Falling asleep during the Paradise Coffee ("The Coffee that Makes You Sleep") Program, the band's third trumpeter dreams he's Athanael, an angel deputized to blow the Last Trumpet at ... See full summary »
Falling asleep during the Paradise Coffee ("The Coffee that Makes You Sleep") Program, the band's third trumpeter dreams he's Athanael, an angel deputized to blow the Last Trumpet at exactly midnight on Earth. But Osidro and Doremus, two fallen angels enjoying the physical pleasures of an earthly existence, try to steal Athanael's trumpet, enlisting the aid of suave jewel thief Archie Dexter. Athanael fumbles his first try when he saves Archie's accomplice, Fran, from suicide. His second chance seems doomed when he's forced to leave his trumpet as security for a meal he can't pay for. But he gets it back just in time for a final confrontation with his desperate adversaries, dangling with them from the roof, only seconds from Midnight. Written by
Paul Penna <email@example.com>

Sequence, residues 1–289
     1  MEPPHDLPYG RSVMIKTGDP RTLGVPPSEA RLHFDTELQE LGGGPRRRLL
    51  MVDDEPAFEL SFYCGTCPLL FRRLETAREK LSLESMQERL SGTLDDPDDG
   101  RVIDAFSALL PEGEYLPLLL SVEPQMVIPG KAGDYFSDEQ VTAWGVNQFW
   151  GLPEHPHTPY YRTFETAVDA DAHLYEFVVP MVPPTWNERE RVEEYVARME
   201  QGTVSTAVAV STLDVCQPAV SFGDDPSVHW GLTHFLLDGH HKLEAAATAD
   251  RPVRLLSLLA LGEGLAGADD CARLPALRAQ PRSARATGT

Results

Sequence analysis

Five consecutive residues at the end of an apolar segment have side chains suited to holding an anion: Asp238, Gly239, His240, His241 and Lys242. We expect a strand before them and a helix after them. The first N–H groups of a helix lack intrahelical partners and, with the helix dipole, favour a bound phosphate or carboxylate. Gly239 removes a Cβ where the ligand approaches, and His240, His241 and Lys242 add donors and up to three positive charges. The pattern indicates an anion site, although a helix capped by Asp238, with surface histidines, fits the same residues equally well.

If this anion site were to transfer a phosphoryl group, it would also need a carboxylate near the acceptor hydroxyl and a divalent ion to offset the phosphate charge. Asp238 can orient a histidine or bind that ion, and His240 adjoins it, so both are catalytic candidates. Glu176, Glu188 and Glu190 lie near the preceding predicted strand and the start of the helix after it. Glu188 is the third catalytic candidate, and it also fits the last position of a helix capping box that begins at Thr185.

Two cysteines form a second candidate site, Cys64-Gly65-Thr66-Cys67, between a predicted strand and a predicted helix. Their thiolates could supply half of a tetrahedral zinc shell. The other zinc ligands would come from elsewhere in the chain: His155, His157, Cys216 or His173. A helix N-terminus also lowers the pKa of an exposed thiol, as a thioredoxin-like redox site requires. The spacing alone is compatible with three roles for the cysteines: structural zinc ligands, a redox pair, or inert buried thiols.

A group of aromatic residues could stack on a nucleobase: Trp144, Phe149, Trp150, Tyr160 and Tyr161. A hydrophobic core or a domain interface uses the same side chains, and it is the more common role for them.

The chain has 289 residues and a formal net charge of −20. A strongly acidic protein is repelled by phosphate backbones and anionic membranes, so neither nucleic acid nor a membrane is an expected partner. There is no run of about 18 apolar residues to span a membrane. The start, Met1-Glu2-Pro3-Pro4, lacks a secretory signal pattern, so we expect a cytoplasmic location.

I saw this one New Year's night on TV when I was about eleven. The second time I saw it was last night when it was on cable. It was true to my memory. Jack Benny WAS stuck in a giant coffee cup and it WAS an extremely funny movie. The coffee cup gag is one of the most surreal things I've ever seen in a movie from Hollywood's golden age. Imagine a Tex Avery cartoon done in live action and you'll get an idea of the visual. Jack Benny really does look as if he's being filmed in a mechanized coffee cup/coffee pot/coffee spoon structure. It's incredible. Harold Lloyd would have been hard-pressed to match this scene. This scene itself makes this movie well worth watching. The mood of the movie is happy and bouncy as only movies made between 1945 and 1949 are. There must have been some optimism informing Hollywood's imagination as the Second World War wound down. Movies between then and the beginning of the Korean War practically burst with a sense of victory. THE HORN BLOWS AT MIDNIGHT works as a testimony to a time when America felt itself riding on top of the world. There are other sight gags taking advantage of vertiginous views. People dangle from the ledge of buildings throughout. This is directed by the man who directed HIGH SIERRA, THE ROARING TWENTIES and a few other classics. The dialogue is very much like radio comedy. Jack Benny was, of course, a radio comic. The scene in the diner would have played quite well, if not even a bit better, on radio. I find it significant that a few years after this movie came out, Benny performed in a radio version of it. Others have commented on the fact that he turned this movie's relative box-office failure into a running joke which lasted the rest of his career. Benny's shtick demanded that he exaggerate negative qualities: He deliberately played violin off-key to highlight his radio persona's vanity; He pretended to feud with Fred Allen, when in reality there was no hostility between them. Both comedians boosted their ratings with their supposed feud. He was only playing his part by making people think THE HORN BLOWS AT MIDNIGHT was the cinematic equivalent of his violin-playing. Not only was it up to Hollywood's standard comedic levels of that time, it surpassed them. Perhaps my familiarity with old-time radio makes me more partial to this movie than the average viewer. I am surprised, nevertheless, that many people find THE HORN BLOWS AT MIDNIGHT a little pointless. The visuals are amazing, the dialogue is snappy and the music is great. You'll hear a tune which sounds a bit like the Looney Tunes theme. There's a reason for this. Carl Stalling was one of the people who worked on the music, and he worked on many Warner Brothers cartoons. If you like comedy you'll enjoy this movie.
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